A health care provider may not collect or receive a fee from an injured employee within this state, except as otherwise provided by this chapter. Such providers have recourse against the employer or carrier for payment for services rendered in accordance with this chapter.
A “health care provider” would include a PIP carrier. The PIP carrier can seek reimbursement directly from the workers’ compensation claim, although there currently is no clean system for accomplishing this. However, a workers’ compensation carrier will rarely be able to seek reimbursement from a PIP carrier because it pays a higher percentage of medical expenses and wage losses, and because F.S.A. § 627.736(4) provides for an offset of PIP benefits in the amount of workers’ compensation benefits paid.
Complicating the issue even further is the situation where the insured completes an Assignment of Benefits (AOB) to the health care provider. If a policy or plan allows for an AOB, the insured fills out a form giving permission that any allowable benefit payment is to be sent to the medical provider who provided the health care. If reimbursement were issued to the insured directly, the insured would then have to be billed by the provider’s office for payment. The AOB process, therefore, cuts out the extra step. Not all insurers allow for an AOB, and if a medical provider secures a patient’s permission to receive payment, the insurance company is not bound to honor the agreement. However, in Florida and Louisiana, state laws order an insurer to accept an AOB, even if it is against their company policy. It isn’t hard to see how the AOB process exponentially complicates the nexus between PIP and workers’ compensation benefits.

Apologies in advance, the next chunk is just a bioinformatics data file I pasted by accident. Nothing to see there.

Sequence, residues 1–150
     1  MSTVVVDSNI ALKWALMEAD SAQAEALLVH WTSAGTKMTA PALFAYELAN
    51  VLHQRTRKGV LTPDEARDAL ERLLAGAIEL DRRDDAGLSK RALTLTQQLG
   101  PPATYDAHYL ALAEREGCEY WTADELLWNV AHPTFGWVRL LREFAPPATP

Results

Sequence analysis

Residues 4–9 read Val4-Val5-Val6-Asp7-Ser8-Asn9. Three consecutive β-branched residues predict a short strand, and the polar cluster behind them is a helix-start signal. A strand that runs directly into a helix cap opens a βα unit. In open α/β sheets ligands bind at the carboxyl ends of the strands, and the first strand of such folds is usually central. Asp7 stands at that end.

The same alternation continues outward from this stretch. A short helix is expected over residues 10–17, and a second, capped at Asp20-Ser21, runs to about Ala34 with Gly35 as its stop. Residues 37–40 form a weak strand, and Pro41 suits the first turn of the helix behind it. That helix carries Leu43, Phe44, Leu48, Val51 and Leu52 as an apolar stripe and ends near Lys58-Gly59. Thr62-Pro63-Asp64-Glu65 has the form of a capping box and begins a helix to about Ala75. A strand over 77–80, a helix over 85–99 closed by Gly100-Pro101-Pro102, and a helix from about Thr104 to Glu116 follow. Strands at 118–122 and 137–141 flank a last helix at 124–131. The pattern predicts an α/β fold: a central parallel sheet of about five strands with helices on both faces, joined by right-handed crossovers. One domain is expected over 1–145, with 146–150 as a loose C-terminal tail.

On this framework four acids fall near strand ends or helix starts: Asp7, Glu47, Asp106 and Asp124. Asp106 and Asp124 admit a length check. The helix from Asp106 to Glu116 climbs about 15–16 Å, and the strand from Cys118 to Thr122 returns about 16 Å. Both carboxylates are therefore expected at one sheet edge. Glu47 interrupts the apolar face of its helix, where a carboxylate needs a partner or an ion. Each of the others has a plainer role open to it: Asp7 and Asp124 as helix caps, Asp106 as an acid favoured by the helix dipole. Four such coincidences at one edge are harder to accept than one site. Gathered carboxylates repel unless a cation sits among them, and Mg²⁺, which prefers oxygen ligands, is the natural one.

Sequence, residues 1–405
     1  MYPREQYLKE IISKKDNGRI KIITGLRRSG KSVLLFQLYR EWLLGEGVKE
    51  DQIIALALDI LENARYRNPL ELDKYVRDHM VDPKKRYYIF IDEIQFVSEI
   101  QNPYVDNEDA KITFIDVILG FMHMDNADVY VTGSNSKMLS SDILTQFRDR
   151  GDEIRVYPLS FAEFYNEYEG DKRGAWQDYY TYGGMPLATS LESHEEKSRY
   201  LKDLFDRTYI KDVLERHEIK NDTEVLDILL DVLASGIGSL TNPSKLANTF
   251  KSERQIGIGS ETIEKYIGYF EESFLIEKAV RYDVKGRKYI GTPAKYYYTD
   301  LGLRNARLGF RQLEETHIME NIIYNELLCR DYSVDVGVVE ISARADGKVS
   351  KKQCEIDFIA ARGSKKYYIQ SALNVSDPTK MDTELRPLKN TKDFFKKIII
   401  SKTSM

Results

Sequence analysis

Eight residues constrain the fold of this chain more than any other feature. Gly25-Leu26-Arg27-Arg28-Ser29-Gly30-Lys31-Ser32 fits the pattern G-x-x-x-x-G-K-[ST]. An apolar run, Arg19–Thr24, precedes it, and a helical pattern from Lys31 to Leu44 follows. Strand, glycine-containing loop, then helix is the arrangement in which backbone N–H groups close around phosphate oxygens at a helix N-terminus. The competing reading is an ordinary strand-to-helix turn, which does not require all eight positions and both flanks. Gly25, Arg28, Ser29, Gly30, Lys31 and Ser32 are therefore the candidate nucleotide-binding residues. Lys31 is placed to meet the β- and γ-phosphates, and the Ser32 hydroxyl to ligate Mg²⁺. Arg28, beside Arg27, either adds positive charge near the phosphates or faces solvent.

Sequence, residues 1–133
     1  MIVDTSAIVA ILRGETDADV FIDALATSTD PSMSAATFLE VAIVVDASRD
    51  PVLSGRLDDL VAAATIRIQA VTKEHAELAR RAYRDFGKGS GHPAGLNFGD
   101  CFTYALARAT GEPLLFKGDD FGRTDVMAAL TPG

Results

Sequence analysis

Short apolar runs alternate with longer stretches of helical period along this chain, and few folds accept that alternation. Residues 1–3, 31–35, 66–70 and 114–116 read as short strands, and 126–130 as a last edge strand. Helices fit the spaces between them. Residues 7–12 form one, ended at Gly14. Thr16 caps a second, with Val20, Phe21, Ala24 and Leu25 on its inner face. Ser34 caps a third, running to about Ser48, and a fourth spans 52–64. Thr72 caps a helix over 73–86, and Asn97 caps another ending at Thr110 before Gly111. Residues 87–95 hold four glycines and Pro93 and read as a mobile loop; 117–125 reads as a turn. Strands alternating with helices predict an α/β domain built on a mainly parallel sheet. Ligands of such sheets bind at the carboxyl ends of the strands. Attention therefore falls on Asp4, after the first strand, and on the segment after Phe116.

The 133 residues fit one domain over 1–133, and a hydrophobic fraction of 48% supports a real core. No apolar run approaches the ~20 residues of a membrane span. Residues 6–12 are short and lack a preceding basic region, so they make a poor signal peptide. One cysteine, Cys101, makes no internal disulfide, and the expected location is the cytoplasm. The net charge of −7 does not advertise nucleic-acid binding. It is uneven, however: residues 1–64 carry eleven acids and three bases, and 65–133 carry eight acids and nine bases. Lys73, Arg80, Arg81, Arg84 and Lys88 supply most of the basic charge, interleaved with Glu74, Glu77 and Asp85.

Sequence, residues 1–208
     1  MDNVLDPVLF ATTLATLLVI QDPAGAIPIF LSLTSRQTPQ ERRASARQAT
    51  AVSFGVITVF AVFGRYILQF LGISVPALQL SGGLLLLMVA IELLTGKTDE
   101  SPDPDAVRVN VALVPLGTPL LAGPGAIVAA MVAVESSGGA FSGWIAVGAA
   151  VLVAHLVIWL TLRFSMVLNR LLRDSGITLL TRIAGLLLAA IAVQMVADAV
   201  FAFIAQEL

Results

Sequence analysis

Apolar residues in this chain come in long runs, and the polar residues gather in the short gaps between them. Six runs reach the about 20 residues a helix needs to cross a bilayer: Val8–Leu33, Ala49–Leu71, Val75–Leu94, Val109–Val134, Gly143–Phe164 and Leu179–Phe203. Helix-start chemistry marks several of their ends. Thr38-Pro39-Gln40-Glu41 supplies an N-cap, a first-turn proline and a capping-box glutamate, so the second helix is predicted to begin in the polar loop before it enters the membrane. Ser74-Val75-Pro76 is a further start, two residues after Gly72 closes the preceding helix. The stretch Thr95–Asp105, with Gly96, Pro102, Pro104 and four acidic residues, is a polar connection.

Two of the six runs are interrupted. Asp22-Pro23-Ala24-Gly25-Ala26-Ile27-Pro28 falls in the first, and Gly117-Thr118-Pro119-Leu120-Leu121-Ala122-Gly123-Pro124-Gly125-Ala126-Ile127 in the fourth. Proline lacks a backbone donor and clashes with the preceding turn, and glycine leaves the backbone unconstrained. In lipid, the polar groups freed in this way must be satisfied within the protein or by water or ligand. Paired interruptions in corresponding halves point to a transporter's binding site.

The Florida Legislature might do well to reconsider the advisability of making both PIP and workers’ compensation primary coverage in these cases, and to prescribe a procedure for dealing with the interface between the two sources of benefits and the inexorable rights of reimbursement that will follow. Although the primary responsibility for claims handling may rest logically with the workers’ compensation carrier, it would be simpler if the primary responsibility for the payment of benefits rested with the PIP carrier to the extent of that coverage. That method would eliminate the need for subsequent reimbursement.
If you should have any questions regarding this article or subrogation in general, please contact Gary Wickert at email@example.com.
 “The Maid” was the 175th episode of the sitcom and aired on April 30, 1998.
 F.S.A. § 627.736(1).
 F.S.A. § 627.736(5)(a) reflects a 2008 change to Florida’s PIP automobile law that created a new reimbursement formula. Under the formula, most healthcare providers, with the exception of specialists such as surgeons, are paid based on a rate of 80% of 200% of the Medicare rate.
 F.S.A § 627.736(1).
 F.S.A § 627.736(4).
 Fortune Ins. Co. v. McGhee, 571 So.2d 546 (Fla. App. 1990).
 Greer v. State Automobile Ins. Co., 530 So.2d 509 (Fla. App. 1988).
 McGhee, supra.
 Cannino v. Progressive Express Ins. Co., 58 So.3d 275 (Fla. App. 2010).
 F.S.A. § 440.13(13).